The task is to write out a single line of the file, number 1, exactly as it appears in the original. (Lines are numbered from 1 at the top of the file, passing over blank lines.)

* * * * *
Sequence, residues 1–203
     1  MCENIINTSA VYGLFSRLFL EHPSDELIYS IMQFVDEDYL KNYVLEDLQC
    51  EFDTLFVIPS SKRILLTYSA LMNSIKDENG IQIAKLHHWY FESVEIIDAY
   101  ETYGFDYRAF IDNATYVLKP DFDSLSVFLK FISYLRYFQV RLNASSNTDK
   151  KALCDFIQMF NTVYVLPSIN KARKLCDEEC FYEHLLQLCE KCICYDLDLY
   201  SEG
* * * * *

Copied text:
Sequence, residues 1–203